Fucoidan therapy decreases the proviral load in patients with human T-lymphotropic virus type-1-associated neurological disease

Natsumi Araya, Katsunori Takahashi, Tomoo Sato, Tatsufumi Nakamura, Chika Sawa, Daisuke Hasegawa, Hitoshi Ando, Satoko Aratani, Naoko Yagishita, Ryoji Fujii, Hiroshi Oka, Kusuki Nishioka (+3 others)
2011 Antiviral Therapy  
Human T-lymphotropic virus type-1 (HTLV-1) is a human retrovirus that causes HTLV-1associated myelopathy/tropical spastic paraparesis (HAM/TSP) and adult T-cell leukaemia (ATL). A higher viral load in individuals with HTLV-1 infection increases their risk of developing HAM/TSP and ATL. Moreover, the high proviral load is associated with the clinical progression of HAM/TSP. Reduction of the number of HTLV-1-infected cells is therefore crucial for preventing and treating HTLV-1-associated
more » ... -associated diseases. Recently, fucoidan, a complex sulphated polysaccharide derived from marine seaweed, has been demonstrated to exert inhibitory effects on HTLV-1 infection in vitro. In this study, we examined the in vivo effects of fucoidan on HTLV-1 infection. Methods: In this single-centre open-label trial, 13 patients with HAM/TSP were treated with 6 g fucoidan daily for 6-13 months. The HTLV-1 proviral DNA load and frequencies of HTLV-1-specific CD8 + T-cells, natural killer cells, invariant natural killer T-cells and dendritic cells in the peripheral blood were analysed. Furthermore, the in vitro inhibitory effect of fucoidan on cell-tocell HTLV-1 infection was examined by using luciferase reporter cell assays. Results: Fucoidan inhibited the cell-to-cell transmission of HTLV-1 in vitro. Furthermore, fucoidan therapy resulted in a 42.4% decrease in the HTLV-1 proviral load without affecting the host immune cells. During the treatment, no exacerbation was observed. Four patients with HAM/TSP developed diarrhoea, which improved immediately after stopping fucoidan administration. Conclusions: Fucoidan is a new potential therapeutic agent for the prevention and treatment of HTLV-1associated diseases. Human T-lymphotropic virus type-1 (HTLV-1) is an exogenous human retrovirus that infects 10-20 million people worldwide [1] . Although most of the infected individuals are lifelong asymptomatic carriers, 3-5% of the infected population develop a T-cell malignancy called adult T-cell leukaemia (ATL) and another 0.25-3% develop a chronic progressive inflammatory neurological disease known as HTLV-1-associated myelopathy/tropical spastic paraparesis (HAM/TSP) [2] [3] [4] . One of the most important pathogenic factors in HAM/TSP is the increased HTLV-1 proviral load in peripheral blood mononuclear cells (PBMCs) and cerebrospinal fluid [5] [6] [7] , which suggests that viral control is inadequate in the affected individuals. Furthermore, a high HTLV-1 proviral load increases the risk of development of HAM/TSP and ATL [5, 8] . Therefore, the identification of agents that can reduce the HTLV-1 proviral load is crucial for preventing and treating HTLV-1-associated disorders. Fucoidan, a complex sulphated polysaccharide derived from marine seaweed, exerts various biological effects on mammalian cells and viral infection [9, 10] . Regarding HTLV-1 infection, previous studies have shown that fucoidan inhibits both the adhesion of HTLV-1-infected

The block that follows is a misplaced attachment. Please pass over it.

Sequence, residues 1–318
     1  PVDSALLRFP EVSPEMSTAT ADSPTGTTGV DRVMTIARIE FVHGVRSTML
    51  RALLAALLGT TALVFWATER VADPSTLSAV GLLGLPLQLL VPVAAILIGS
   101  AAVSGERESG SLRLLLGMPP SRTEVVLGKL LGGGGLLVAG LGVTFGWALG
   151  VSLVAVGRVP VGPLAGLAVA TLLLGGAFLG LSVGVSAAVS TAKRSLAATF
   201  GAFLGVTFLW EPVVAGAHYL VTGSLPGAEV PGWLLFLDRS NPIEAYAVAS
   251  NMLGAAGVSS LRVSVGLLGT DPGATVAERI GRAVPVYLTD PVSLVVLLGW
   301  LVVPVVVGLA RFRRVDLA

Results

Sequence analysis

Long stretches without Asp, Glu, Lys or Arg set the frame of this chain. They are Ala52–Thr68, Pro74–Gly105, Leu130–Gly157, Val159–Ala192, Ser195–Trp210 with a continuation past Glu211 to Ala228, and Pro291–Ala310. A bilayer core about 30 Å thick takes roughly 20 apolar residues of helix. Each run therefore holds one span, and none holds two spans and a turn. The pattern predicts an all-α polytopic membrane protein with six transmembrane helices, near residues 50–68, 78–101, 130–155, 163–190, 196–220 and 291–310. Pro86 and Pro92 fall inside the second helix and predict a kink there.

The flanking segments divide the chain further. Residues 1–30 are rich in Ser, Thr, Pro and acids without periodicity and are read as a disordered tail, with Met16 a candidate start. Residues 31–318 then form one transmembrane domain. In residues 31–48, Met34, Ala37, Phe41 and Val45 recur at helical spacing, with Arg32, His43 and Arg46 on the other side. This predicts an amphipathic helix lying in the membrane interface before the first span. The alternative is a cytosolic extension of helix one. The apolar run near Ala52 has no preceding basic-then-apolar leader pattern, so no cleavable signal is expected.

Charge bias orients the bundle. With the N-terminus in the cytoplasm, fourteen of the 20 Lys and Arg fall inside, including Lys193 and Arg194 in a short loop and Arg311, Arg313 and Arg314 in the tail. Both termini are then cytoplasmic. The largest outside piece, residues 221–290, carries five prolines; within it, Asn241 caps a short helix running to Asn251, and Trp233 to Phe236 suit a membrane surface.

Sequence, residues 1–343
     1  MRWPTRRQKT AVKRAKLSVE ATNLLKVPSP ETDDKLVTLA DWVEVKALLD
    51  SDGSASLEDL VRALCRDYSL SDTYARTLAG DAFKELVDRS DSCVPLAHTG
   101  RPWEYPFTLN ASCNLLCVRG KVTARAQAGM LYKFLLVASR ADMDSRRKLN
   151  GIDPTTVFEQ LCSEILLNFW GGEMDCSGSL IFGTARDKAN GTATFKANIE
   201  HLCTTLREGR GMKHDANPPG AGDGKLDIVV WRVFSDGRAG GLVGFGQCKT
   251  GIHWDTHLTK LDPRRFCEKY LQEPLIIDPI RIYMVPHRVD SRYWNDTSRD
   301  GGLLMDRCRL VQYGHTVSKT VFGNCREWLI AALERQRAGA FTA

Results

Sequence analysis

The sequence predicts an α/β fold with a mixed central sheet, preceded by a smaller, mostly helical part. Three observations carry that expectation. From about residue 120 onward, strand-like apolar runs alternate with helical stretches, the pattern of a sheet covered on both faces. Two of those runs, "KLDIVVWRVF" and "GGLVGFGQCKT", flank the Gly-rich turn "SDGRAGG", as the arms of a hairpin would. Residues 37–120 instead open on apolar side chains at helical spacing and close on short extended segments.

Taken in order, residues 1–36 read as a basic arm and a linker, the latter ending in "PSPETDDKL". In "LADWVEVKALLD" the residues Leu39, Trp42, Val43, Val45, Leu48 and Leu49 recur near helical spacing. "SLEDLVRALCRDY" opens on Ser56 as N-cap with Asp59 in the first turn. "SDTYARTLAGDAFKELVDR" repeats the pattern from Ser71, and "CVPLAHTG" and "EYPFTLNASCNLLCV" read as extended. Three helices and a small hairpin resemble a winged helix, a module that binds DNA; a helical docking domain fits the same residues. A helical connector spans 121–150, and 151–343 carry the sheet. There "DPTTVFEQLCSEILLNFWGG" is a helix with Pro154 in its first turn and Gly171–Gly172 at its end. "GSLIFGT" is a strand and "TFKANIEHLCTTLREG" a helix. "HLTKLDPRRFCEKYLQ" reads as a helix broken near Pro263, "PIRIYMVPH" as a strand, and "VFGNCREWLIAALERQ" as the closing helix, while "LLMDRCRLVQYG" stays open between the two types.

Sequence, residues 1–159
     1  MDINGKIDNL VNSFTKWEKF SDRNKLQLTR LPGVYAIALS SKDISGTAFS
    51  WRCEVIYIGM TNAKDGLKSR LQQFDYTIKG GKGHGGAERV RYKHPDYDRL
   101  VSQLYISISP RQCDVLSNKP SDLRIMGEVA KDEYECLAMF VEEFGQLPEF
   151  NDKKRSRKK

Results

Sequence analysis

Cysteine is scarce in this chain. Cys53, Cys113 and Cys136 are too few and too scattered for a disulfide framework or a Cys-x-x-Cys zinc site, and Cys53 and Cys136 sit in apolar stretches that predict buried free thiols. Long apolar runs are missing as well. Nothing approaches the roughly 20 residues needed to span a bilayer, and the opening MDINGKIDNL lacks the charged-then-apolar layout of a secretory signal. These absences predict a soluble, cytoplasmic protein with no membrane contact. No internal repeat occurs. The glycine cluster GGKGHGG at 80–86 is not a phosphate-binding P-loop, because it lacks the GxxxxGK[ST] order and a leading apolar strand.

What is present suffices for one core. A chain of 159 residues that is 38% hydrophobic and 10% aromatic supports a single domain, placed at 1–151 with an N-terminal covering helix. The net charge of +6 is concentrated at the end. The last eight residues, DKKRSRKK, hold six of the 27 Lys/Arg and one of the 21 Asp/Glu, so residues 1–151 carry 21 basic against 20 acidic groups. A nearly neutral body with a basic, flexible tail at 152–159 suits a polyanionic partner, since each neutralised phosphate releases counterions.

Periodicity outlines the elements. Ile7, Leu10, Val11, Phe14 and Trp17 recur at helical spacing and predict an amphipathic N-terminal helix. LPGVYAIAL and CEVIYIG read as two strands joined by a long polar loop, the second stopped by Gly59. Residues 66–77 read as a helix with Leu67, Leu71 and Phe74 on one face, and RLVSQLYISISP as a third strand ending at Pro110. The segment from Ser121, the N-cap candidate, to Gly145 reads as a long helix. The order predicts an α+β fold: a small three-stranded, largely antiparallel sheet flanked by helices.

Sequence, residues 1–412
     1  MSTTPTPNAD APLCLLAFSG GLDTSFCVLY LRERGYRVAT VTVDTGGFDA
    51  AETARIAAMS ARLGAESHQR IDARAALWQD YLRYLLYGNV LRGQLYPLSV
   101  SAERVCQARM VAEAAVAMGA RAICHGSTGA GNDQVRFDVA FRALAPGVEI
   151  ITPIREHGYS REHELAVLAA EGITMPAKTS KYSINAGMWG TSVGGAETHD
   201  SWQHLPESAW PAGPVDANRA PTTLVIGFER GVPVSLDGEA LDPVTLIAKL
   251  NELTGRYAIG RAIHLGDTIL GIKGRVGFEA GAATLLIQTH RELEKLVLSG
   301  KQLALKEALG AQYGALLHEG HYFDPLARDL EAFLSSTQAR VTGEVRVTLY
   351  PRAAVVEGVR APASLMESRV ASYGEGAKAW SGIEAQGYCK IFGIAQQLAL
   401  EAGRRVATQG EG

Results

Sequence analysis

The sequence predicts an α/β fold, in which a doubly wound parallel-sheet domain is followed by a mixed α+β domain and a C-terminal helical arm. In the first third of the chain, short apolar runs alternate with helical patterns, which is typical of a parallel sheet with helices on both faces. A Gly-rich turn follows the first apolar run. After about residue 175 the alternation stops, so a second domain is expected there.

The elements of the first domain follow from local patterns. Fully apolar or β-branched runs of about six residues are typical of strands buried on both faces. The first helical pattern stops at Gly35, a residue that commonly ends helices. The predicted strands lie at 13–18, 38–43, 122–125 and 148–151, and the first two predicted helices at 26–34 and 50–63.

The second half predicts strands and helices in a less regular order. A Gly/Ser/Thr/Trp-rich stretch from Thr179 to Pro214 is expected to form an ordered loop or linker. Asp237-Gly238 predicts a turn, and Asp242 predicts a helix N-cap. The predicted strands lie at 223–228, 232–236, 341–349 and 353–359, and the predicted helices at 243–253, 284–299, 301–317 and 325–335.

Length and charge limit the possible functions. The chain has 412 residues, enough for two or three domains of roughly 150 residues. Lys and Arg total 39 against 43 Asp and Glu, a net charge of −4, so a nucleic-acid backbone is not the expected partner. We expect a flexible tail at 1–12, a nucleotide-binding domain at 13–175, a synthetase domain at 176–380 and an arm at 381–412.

doi:10.3851/imp1699 pmid:21311112 fatcat:rrfkri6nrrbihlucl4adhrzsmu